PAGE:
Skip to content

Unit testing with JUnit

Until fairly recently unit testing is an engineering practice I’ve had little exposure to. It’s perfectly possible to get by developing without unit tests, but they do help with the design, verification and maintenance of code.

A unit test is designed to test a small functional unit of code for a particular scenario. Generally multiple tests are written to verify different paths through the same method/function. Personally I think unit tests are particularly valuable in a continuous integration environment (e.g. Jenkins) where the tests run prior to regular deployment and developers are alerted of any failures.

There are many testing frameworks but for basic unit tests JUnit is pretty much the de-facto standard. The Eclipse IDE comes with a plugin already configured to allow unit tests within a project to be run by simply right-clicking on the project and running the code as a JUnit test. However JUnit tests can also be run stand alone through the command line, an Apache Ant task, or a Apache Maven build. Maven will automatically run unit tests placed in /src/test/java during a build by default.

So what does a simple unit test look like?

import static org.junit.Assert.assertTrue;

import org.junit.Before;
import org.junit.Test;

public class HelloTest {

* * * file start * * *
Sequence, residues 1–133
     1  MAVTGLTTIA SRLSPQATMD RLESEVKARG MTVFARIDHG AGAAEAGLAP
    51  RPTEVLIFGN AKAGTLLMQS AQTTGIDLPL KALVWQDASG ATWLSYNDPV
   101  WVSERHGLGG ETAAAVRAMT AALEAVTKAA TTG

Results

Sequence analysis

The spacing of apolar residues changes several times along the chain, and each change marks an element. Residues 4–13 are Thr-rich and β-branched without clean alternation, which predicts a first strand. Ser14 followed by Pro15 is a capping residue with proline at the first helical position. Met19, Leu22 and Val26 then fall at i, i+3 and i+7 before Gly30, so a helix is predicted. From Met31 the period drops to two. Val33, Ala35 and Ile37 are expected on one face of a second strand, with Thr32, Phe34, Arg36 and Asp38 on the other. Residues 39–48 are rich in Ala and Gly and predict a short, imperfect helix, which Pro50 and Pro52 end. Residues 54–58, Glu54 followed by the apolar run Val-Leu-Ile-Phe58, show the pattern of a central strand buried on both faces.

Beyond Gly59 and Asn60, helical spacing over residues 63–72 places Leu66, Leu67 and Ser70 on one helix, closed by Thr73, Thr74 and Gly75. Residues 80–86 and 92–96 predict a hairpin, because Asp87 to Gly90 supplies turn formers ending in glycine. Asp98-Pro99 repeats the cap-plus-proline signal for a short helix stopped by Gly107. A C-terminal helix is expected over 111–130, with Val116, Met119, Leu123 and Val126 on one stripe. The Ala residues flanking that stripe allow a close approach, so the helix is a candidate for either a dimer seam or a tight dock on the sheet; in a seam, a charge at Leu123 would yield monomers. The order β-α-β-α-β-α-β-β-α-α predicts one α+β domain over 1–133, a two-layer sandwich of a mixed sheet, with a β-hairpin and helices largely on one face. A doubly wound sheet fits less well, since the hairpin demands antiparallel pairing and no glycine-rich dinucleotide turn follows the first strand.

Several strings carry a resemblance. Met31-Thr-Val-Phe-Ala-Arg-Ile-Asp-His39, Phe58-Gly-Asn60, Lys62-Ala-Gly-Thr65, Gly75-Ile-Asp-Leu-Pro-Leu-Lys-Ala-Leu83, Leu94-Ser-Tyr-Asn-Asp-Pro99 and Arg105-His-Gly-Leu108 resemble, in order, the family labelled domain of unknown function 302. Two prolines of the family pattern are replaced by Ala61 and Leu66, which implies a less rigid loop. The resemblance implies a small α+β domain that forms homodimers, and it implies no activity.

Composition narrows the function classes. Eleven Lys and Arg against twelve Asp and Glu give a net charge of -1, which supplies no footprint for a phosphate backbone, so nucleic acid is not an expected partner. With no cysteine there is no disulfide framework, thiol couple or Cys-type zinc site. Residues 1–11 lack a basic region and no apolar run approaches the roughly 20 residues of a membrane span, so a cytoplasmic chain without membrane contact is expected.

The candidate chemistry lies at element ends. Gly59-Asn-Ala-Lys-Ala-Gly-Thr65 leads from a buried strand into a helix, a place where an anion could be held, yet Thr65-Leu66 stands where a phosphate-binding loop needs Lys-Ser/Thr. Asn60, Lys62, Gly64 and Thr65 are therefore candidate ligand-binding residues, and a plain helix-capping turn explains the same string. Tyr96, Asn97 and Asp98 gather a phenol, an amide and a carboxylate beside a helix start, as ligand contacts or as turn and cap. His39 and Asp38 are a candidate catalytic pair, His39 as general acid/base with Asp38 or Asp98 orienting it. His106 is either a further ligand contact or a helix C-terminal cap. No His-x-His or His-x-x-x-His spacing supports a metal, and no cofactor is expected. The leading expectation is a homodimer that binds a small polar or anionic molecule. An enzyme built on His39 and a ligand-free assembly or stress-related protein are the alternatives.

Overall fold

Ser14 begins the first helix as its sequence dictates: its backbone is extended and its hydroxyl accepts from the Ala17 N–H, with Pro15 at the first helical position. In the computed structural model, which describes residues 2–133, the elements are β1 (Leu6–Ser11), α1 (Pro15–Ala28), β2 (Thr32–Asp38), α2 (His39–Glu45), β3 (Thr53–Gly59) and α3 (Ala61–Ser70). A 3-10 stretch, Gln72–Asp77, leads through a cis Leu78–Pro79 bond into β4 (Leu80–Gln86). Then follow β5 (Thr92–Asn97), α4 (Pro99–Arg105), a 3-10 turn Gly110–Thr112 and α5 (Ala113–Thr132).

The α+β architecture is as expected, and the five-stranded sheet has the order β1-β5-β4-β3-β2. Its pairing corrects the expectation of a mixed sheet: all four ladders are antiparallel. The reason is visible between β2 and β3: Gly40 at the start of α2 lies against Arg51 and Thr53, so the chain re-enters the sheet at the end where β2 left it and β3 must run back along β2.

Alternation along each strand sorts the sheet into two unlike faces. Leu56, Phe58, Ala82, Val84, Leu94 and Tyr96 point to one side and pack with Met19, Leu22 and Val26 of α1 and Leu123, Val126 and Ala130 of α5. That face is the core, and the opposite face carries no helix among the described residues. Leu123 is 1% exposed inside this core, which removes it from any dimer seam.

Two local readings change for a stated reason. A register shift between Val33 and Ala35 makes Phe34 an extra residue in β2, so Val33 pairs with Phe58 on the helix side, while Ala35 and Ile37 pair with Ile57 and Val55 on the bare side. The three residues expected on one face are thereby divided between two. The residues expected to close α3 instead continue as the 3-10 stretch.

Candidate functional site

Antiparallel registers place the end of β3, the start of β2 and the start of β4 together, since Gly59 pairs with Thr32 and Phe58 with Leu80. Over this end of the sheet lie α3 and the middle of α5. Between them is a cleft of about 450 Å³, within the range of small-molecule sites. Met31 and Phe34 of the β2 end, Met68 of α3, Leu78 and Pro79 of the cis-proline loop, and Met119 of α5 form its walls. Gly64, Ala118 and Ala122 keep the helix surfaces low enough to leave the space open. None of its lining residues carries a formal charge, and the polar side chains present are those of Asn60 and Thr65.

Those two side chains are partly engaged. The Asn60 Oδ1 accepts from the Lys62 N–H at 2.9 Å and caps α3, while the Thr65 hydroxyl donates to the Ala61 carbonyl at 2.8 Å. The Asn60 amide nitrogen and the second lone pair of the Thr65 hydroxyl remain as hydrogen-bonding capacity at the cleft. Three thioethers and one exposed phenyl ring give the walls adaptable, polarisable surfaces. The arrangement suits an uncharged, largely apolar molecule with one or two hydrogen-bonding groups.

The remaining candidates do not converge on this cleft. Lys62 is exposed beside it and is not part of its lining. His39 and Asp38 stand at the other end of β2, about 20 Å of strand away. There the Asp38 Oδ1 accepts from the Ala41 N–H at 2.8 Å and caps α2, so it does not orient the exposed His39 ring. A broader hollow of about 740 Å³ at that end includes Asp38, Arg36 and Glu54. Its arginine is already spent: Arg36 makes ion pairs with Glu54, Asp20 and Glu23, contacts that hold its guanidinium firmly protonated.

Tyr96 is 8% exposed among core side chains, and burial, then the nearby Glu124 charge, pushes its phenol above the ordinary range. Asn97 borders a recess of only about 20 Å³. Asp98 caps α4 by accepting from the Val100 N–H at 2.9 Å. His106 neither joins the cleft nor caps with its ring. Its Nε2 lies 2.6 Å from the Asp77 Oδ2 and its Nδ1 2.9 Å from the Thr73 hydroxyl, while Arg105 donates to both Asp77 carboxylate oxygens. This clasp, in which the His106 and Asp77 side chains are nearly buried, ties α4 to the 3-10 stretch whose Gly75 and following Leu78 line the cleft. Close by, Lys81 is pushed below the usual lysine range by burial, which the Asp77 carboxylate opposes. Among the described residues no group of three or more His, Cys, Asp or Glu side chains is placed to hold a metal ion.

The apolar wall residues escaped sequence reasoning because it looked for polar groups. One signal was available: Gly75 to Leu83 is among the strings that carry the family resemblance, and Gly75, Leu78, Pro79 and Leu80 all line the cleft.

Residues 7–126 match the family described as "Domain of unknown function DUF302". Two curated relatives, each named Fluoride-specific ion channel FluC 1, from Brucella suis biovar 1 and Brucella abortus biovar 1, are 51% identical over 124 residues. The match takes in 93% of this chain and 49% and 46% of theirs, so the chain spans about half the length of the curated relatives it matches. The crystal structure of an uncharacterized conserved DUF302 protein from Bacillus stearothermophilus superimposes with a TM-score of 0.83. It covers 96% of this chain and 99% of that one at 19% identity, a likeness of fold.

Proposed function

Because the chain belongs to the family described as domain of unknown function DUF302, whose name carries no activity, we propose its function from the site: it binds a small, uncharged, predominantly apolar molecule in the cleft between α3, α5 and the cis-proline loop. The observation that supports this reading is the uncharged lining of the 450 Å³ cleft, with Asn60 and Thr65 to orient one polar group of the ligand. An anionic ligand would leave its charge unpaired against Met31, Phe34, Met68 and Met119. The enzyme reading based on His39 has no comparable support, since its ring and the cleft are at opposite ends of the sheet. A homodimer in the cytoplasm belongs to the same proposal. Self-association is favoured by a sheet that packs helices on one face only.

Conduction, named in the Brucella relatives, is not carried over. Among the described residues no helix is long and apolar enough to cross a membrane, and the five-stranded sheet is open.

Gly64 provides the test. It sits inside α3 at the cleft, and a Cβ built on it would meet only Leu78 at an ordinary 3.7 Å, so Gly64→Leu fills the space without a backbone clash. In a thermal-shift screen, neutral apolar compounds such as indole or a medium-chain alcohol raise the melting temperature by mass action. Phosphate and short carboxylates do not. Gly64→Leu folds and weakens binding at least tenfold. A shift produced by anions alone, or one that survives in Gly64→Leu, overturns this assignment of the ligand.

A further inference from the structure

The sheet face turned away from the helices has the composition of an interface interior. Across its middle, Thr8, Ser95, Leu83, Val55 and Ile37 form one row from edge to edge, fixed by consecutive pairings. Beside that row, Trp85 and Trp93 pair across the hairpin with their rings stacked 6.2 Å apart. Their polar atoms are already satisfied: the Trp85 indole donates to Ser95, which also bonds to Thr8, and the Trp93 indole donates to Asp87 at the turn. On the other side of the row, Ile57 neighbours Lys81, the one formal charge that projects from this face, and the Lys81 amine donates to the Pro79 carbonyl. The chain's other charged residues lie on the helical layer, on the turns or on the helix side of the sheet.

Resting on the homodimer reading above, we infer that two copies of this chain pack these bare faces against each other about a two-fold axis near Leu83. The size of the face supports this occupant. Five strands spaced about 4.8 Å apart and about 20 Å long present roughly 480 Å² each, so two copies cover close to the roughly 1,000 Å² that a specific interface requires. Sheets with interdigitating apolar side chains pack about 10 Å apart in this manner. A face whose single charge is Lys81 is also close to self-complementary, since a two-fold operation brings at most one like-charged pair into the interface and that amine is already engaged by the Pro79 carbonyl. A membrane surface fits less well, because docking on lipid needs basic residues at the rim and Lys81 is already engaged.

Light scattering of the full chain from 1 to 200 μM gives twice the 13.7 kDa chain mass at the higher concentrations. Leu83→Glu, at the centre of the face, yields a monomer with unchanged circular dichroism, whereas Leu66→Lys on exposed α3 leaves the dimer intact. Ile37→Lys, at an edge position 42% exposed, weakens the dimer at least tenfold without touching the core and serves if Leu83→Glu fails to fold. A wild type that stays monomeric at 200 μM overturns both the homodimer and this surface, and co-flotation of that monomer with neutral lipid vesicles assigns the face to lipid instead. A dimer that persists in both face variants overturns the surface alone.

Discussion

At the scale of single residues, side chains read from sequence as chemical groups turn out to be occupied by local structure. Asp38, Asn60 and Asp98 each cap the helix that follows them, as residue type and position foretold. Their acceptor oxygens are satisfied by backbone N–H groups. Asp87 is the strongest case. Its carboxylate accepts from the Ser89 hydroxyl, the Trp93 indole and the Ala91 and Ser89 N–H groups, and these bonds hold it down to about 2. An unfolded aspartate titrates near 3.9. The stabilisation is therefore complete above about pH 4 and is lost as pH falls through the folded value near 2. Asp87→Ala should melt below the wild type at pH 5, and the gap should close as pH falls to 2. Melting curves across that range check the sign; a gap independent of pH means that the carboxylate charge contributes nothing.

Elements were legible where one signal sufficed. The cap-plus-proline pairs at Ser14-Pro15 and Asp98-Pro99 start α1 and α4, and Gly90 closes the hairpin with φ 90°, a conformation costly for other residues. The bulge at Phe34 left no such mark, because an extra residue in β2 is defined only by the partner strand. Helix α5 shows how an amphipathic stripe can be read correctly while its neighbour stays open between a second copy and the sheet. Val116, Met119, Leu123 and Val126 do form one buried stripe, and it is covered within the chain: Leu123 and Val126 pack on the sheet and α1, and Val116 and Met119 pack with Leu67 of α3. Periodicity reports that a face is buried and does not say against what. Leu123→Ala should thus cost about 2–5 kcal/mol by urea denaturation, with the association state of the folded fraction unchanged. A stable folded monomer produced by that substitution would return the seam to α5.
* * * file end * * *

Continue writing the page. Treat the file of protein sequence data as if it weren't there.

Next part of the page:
private String productName;

  public class SayHello {
    private final String userName;
    private final String productName;
    public SayHello(String userName, String productName) {
      this.userName = userName;
      this.productName = productName;

    public String speak() {
      return "Hello " + userName + " welcome to " + productName;

  private void setup() {
    name = getProperty("productName");

  public void speakReturnsString_WithCorrectProductAndUsername() {
    SayHello sayHello = new SayHello("Dave", productName);

The annotation @Before defines common code to run prior to the execution of each test method defined by @Test. [The getProperty method has been omitted]

This is a simple test which verifies that the implementation of the construction of a SayHello object followed by execution of the speak method results in a string being returned that contains the userName and productName which were passed in the constructor. This illustrates the difference between desired test behavior and the actual implementation. Here we are allowing the flexibility for the speak() method be modified as long as it returns a string containing both the username and the product name passed in.

Though this is a basic example hopefully this gives an idea of how unit tests are usually used to define desired behaviour (what the code should do) not necessarily implementation (how it does it). Writing tests allows you to clarify the behavior of your code which makes it a useful tool in code design as well as validation.

Leave a Reply